4. You have to think if it is what they’re suggesting then it would be an advantage (though obviously not huge). Schumacher seemed to pioneer the importance of brake bias in 90’s (apologies if someone was more pioneering earlier). Those couple of a percentage each way obviously make a difference, and the constant switching of the dial, especially round a place like Suzuka which has little ‘downtime’ with corner after corner (mostly) then the car adjusting itself, whilst the driver manages the multitude of other things going on in hybrid age, then yeah, I can see why they’d do it.

    But how they’ve done it, if driver was to select a ‘preset’ at the beginning of each sector, would that not be the ‘driver altering it manually’?

    As ever the wording of it will be the thing that decides it I imagine

    1. @bernasaurus As I understand it what RP argues is that it’s pre defined for the entire lap, not per sector. “pre-set lap distance-dependent”. Which means drivers don’t have to move the dial (bottom right of the steering wheel) through the lap, instead the car knows at what part of the track it is and changes the brake bias accordingly.

      I don’t think it’s as simple as that as any team would quickly notice via the onboards that the driver is not adjusting it manually. Let’s wait and see.

      1. should say “bottom left of the steering wheel”… 🤦🏻‍♂️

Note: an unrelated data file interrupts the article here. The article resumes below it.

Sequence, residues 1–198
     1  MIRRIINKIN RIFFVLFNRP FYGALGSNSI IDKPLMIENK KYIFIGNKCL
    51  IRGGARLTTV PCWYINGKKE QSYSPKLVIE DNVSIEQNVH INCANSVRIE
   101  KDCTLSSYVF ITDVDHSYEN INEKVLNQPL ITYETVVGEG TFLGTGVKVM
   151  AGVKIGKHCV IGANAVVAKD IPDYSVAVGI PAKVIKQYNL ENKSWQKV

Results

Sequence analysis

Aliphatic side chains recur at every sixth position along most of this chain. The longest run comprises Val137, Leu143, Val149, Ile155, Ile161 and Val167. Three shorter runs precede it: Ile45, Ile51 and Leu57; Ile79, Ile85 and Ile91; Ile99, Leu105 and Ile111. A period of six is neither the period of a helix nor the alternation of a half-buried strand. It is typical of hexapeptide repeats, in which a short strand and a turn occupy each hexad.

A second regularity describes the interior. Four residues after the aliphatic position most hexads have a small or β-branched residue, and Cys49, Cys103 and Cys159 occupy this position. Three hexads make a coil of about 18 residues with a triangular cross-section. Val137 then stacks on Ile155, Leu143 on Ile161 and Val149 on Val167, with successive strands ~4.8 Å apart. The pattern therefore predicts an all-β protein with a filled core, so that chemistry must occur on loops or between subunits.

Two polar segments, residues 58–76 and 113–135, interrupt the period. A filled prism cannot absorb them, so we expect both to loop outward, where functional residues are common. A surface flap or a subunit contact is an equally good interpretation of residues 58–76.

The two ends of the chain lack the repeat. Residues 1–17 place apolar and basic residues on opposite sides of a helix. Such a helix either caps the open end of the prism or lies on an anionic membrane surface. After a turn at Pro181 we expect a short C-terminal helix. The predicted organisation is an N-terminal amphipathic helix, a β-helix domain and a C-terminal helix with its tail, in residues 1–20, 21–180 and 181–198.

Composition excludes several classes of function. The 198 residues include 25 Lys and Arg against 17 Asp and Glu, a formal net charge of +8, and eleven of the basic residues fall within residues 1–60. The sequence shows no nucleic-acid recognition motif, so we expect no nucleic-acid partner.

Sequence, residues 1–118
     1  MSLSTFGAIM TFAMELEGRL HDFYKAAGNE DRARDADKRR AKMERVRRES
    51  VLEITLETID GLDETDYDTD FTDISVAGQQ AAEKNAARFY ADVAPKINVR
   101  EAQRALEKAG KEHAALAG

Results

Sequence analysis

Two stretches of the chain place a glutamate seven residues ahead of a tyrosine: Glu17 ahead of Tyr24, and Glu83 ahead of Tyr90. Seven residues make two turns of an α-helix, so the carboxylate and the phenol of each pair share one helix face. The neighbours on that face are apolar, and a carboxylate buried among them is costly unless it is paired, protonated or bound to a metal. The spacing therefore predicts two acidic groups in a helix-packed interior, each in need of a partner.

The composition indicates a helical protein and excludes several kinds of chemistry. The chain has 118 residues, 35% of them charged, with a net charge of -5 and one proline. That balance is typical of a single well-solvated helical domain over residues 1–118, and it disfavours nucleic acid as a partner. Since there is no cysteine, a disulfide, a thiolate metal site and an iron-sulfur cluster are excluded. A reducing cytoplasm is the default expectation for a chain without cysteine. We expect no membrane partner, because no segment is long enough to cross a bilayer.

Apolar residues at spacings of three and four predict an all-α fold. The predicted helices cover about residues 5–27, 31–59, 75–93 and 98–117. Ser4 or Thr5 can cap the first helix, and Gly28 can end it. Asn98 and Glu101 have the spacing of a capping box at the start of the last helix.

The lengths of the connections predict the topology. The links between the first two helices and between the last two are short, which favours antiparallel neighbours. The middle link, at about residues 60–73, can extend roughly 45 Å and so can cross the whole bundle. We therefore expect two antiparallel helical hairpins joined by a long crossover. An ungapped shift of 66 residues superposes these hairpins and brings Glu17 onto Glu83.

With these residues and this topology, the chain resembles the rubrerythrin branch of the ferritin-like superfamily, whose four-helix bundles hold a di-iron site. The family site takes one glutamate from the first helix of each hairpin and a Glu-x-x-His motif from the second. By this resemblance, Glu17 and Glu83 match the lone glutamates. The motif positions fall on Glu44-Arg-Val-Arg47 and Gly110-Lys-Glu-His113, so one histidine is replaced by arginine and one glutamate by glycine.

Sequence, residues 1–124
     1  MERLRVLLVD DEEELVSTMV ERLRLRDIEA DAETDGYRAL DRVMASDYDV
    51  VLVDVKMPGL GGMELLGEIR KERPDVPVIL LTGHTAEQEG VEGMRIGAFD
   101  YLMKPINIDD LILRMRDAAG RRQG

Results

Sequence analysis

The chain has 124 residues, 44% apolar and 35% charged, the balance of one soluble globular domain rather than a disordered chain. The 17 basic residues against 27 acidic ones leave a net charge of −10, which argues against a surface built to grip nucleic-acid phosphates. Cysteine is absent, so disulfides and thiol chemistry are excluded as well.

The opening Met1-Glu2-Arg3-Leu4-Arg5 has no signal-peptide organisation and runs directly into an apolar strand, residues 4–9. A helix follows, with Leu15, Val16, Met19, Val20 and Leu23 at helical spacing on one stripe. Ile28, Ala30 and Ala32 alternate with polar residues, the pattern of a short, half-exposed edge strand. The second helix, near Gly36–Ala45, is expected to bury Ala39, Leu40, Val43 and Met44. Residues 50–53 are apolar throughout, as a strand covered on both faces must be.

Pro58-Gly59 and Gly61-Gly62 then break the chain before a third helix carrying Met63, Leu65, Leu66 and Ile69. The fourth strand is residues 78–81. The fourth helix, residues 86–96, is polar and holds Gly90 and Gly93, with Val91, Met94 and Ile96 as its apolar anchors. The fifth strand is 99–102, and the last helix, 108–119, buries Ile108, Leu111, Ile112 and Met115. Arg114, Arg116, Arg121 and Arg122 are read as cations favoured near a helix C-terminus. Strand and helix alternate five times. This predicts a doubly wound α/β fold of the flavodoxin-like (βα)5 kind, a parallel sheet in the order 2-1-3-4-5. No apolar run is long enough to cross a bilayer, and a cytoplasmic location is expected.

5. Even assuming an unlikely guilty verdict, why have a rule that prohibits engineers from taking wear into account for basic brake settings, being as how F1 is supposed to be the Pinnacle of racing technology. Someone needs to go through the rulebook and redact all those rules left over from an era when the appearance of technology doing everything but steering the cars was considered “bad for the show” and accept that adjustments not made by the computers in the cars will be flagged by the computers on the pit-wall, the drivers skill in turning the knob from 1 to 10 is not likely to differentiate the drivers overall abilities.

    1. Unlikely guilty verdict?
      To me it seems more than just likely.
      Closer to unlikely innocent.

      1. I could be wrong, my reasoning is that after crashgate Renault would be very foolish to deliberately cheat again.

    2. I expect brake bias settings to change per driver and as the tyre degrades. Flat spots etc will affect that and they have to decide what is the most appropriate for each corner and situation of the track. Not something I’d like to give away to a computer.

      1. plus any small variations in bodywork (losing bits and pieces in accidents), weather (including wind), variations in fuel usage (safety cars etc)… Seems like it would have to be an awfully complex system. I’d like to read the dossier.

  6. Now the question is – if they are found to have this illegal system… will FIA look into when it appeared?
    And if so – could some part (tho whole?) Championship of Renault be in jeopardy?

    Of course no one will alter individual races’ results, but there’s nothing safeguarding Renault’s points (hello McLaren and its Spygate!)

    1. @dallein That’s a plausible point. I don’t know. Maybe, maybe not.

  7. @dallein Yeah, +1
    Sadly their only defense is that it has never given them a lasting advantage. :-)